People that know me know that I have an interest in tasty and healthy real food. I read a lot about how different foods can be used as medicine and about the different food trends of today. I really enjoy reading about and cooking things from scratch verses buying pre-made items. While I don’t think anything is wrong with me enjoying these things, I have an unhealthy relationship with food at times and that is something I don’t typically share with others.
There’s a few reasons why I like to keep this hidden. One major reason is that if I’m discovered then I will look like a hypocrite. I will look like a weak failure that doesn’t completely and always practice the things I say are important. So, I hide my “failures”. I sneak in my “guilty pleasures”. Then I hide my shame and guilt for what I’ve done. Well, I say I hide this stuff but the symptoms manifest themselves loudly and affect not only me but those around me also.
I have done different cycles of fad diets and diets where I avoided eating certain things in hopes of making myself feel better. Some of this was a recommended trial by my doctor and some of it was just from my own advice. Again, I’m not saying it was a bad thing for me to eliminate certain things, and I strongly believe that there are very unhealthy things in our food that I would recommend avoiding as much as possible. I think for me though, I was not allowing myself any freedom. Because of my rules, at times I am not even experiencing the things I enjoy. I do not always tell myself that I can avoid unhealthy ingredients as much as possible. A lot of times it is all or nothing in my mind. Then I fail. I eat something from my no-no list and immediately the shame kicks in. How could I expect to help others with healthy diet choices if I can’t do it myself? When I “cheat”, I usually continue to “cheat” the rest of the day. I will overeat and eat as many of my no-no foods as possible. I mean I had already failed, right?!?! But here’s the kicker: I do most of my “cheating” in private. I sneak most of it so no one sees me fail. I feel like an imposter.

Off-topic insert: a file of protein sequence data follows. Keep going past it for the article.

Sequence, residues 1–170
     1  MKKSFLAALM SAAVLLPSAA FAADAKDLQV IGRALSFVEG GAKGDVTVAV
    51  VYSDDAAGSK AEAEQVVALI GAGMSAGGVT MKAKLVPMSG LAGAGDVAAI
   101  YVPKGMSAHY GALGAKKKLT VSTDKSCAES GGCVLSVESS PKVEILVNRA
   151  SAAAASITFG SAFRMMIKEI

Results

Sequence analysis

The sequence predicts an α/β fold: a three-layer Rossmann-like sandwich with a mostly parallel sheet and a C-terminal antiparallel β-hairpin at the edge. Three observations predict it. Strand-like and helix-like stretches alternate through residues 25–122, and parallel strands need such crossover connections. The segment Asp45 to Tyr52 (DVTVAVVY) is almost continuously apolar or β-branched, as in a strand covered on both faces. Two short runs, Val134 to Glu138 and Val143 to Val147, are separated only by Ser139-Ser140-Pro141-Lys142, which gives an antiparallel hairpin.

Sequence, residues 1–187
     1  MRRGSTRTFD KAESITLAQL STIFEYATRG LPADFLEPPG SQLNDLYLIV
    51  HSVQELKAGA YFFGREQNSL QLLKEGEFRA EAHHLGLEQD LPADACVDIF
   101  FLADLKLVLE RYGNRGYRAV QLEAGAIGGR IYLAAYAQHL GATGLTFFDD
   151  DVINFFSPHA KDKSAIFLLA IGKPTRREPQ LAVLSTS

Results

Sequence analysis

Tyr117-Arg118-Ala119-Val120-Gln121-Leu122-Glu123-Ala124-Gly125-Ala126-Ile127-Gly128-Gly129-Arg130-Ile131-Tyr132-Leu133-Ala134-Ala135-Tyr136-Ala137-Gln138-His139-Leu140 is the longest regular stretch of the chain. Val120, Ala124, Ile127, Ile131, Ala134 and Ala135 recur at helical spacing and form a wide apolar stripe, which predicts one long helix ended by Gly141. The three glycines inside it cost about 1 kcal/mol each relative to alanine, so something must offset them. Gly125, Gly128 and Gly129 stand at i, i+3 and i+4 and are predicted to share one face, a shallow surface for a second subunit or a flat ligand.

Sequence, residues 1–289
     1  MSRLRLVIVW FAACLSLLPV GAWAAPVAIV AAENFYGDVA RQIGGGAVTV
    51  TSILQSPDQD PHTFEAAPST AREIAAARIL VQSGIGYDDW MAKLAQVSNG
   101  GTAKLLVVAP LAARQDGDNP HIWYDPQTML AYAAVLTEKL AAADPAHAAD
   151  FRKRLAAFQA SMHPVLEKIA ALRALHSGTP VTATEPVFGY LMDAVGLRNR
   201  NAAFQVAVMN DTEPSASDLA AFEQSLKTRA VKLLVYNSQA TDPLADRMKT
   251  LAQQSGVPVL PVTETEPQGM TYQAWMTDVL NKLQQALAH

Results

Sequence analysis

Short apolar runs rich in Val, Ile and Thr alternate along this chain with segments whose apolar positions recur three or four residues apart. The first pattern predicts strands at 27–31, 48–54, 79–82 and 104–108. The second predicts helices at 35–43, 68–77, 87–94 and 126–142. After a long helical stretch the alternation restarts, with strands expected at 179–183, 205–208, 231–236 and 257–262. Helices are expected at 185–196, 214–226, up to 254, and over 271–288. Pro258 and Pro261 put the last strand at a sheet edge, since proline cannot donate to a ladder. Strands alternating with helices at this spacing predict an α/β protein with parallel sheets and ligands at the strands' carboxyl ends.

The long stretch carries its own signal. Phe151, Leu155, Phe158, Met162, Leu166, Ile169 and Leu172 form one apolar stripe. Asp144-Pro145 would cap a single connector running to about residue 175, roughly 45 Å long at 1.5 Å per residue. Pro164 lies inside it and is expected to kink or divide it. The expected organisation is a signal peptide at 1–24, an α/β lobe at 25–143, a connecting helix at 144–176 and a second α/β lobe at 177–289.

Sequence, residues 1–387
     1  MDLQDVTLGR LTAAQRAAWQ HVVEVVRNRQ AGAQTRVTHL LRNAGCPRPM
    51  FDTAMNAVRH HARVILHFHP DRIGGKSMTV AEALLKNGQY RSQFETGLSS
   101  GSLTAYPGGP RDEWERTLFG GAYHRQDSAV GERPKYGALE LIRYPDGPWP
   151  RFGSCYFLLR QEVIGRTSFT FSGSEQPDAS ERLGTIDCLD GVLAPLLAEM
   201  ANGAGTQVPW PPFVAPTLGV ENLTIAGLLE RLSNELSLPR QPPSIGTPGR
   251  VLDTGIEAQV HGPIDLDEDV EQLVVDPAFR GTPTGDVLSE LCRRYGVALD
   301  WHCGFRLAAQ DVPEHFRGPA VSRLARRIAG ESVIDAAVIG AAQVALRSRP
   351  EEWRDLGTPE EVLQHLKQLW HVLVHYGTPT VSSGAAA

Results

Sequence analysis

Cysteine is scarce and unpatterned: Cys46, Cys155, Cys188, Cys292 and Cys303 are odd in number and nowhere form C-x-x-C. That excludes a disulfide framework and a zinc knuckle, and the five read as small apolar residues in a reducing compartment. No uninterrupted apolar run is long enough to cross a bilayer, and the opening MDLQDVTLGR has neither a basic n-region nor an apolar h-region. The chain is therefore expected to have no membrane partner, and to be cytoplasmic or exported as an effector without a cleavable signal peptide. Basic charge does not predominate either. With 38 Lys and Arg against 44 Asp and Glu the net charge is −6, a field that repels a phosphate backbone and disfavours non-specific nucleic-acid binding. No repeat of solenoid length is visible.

Keeping things hidden only fuels the shame and guilt. It keeps the cycle going. The symptoms of shame and guilt build. Then the hidden “cheating” just grows until I’m completely miserable. What’s next? You guessed it, many days of not “cheating” to make up for it. So I feel better now, right? WRONG! The cycle just starts again.
The only way to break the cycle is to stop the hiding and bring these things out into the light. Usually I talk with my husband, Neil, after I feel completely miserable. Usually he’s sensed that something is not right with me. He has noticed that I avoid intimacy with him, weigh myself more, am very irritable and am usually complaining about my stomach hurting! So, while I may be hiding what I am doing, I am not hiding the effects it has on me.
Not allowing things to be hidden anymore does not mean that I will never fall into this pattern again. It does mean that I know the power to break the cycle when I do. Not hiding actually allows me the freedom to do what I would tell others to do, “listen to your body, enjoy food & make healthy choices as much as possible, but when you can’t or don’t it’s okay to enjoy that to”. It’s freedom…freedom to fail and freedom to experience the things I love.
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